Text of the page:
How to Build Resilient Backend App - The Big Book of Backend Engineering | Part - 1

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Last year, one of our Express.js servers was facing erratic shutdown behavior. We noticed that the Node.js crashed and took down the entire production application.

I was tasked with investigating the bug and providing a solution

So, the very first step I figured we’d need is

  1. Process Manager:

    The application should always restart automatically in case of a failure. It can be due to a hardware failure in the cloud provider, network failure, power failure, a bad publish from one of the open-source NPM packages we’re using, and many more.

    But there always should be a way to regenerate the server instance meaning there should be an automated feature in place to make sure that whenever our application crashes, it will automatically restart the process. We chose PM2 as our Process manager.

  2. Logging Pipeline:

    While digging through hundreds of lines of logs I realized our logs are too verbose and expansive, we had to read through multiple lines of unnecessary logs, it was like trying to find a needle in a haystack. So, it was time to head back to the drawing board and rethink our logging strategy. Because the next time our app crashes, we want to identify the problem as fast as possible and then start working on a solution right away.

    We created a logging pipeline that picks up our application logs from stdout and makes them visible, searchable, and visualizeable ELK (Elasticsearch, Logstash, Kibana). Another issue was we discovered our application was down when a user mailed us or when one of our engineers was trying to log into the site in morning and found that the application was down the whole night. We have users from multiple time zone accessing our site, so that means some users were denied service during peak hour in their respective time zone.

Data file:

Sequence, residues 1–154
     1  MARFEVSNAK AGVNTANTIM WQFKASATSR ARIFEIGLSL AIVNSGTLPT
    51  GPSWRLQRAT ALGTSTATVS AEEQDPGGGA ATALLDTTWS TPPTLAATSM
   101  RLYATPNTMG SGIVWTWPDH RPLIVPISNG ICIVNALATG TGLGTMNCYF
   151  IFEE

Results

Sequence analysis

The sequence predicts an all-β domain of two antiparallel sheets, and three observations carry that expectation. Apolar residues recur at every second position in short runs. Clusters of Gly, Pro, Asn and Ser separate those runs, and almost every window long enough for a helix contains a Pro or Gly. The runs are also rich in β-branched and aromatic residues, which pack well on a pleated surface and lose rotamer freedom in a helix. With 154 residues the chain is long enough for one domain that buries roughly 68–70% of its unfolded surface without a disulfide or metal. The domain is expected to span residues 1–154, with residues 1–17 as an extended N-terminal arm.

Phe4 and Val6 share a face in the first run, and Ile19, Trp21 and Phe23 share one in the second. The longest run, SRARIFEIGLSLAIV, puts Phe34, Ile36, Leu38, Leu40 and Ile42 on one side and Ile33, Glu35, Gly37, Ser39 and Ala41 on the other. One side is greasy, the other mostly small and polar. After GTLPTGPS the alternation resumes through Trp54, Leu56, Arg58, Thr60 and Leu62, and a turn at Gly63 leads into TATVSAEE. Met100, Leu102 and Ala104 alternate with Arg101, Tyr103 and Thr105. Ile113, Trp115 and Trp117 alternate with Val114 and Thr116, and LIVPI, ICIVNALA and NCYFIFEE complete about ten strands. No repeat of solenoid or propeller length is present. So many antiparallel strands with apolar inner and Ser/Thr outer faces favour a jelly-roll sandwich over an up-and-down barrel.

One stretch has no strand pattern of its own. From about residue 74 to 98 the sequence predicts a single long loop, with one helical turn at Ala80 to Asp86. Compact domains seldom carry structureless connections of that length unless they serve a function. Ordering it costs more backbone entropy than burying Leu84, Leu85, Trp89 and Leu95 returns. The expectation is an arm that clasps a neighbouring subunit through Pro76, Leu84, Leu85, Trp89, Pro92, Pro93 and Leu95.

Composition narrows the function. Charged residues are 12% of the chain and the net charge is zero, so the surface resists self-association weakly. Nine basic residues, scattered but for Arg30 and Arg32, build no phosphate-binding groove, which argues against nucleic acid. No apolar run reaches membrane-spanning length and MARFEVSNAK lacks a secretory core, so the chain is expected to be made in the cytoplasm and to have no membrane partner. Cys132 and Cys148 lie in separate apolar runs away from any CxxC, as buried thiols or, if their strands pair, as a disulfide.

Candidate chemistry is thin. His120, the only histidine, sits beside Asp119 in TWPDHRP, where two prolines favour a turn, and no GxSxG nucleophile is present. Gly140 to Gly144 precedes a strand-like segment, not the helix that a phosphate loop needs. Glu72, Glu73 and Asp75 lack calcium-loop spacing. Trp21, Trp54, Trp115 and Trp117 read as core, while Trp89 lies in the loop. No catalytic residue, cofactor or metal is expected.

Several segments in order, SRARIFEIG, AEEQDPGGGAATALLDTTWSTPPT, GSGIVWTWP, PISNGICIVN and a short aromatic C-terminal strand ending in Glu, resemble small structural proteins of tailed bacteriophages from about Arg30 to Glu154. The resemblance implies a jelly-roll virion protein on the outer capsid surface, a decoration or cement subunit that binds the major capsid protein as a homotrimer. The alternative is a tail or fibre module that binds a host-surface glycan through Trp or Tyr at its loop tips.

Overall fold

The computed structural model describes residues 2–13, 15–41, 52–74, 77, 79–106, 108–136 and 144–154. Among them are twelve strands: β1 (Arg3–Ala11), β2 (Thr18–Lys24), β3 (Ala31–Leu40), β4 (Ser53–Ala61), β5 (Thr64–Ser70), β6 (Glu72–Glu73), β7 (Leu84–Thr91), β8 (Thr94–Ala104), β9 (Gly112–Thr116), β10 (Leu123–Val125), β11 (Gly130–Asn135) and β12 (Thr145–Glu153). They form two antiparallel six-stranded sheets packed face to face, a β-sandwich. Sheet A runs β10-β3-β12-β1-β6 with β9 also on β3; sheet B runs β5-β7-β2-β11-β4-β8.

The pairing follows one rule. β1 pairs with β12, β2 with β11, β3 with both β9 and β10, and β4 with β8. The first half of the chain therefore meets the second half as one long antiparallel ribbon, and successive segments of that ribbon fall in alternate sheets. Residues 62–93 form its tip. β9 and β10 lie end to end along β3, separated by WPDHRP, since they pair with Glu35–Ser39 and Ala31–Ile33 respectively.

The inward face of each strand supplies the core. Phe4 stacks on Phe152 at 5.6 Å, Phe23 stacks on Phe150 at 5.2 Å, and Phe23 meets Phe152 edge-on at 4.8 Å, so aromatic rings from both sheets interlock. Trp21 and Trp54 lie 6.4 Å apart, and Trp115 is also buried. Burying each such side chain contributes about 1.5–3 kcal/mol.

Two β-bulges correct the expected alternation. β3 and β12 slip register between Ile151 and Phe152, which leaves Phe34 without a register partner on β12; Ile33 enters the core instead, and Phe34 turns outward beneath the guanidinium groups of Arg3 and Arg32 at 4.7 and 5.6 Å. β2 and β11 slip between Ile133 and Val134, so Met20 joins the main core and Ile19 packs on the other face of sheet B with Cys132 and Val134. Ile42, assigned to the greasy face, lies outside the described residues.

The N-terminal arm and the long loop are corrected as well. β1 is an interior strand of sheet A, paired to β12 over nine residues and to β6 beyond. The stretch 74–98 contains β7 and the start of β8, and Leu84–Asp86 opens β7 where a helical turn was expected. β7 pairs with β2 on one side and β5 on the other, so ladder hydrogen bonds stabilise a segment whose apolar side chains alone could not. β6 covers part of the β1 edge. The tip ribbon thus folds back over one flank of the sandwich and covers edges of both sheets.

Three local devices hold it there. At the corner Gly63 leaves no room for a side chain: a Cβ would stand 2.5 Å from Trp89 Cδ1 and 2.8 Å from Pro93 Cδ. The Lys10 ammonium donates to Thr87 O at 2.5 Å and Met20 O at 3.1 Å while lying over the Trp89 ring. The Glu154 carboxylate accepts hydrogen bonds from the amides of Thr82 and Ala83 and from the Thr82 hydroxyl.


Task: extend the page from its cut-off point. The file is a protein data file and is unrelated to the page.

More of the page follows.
We needed an automated alerting system as soon as the site went down, instead of having to wait for someone else to notify us. ElastAlert will notify us through email, slack whenever one of our application was facing some trouble. We also assigned certain codes from within our application so that we can quickly identify which service was facing issue.

  3. Data Validation:

    Now that we have a way to automatically restart without any downtime, and proper logging pipeline that visualizes logs, it was time to debug the error.

    It turned out whenever one of our forms were collecting user data, it was trying to insert bad data without proper validation into our Database which caused the application to crash.

    So, the first step was to ensure proper data validation where ever we were collecting user data, because a user can intentionally and unintentionally input harmful data. So, the way we ensured this was use strict validation using JOI

    Then, we noticed that even if there was an exception in our application, it shouldn’t have crashed instead it should’ve delegated a proper error message to our frontend application through API. But instead it crashed, meaning we had a gap in our error handling. So, we added exceptionHandler attached to the try and catch function instead of forwarding it to the parent caller.

  4. Improvement and future proofing:

    we’ve implemented API versioning to ensure we can safely migrate our application to 2.0 without hurting or breaking the consumers of our 1.0 application. Added a /health end point to periodically check our API’s are working correctly or not.

  5. Bonus point: As we know Node.js applications are single threaded and any CPU bound task will block the event loop. We configured Node.js to run in cluster mode to take full advantage of the underlying multi core CPU.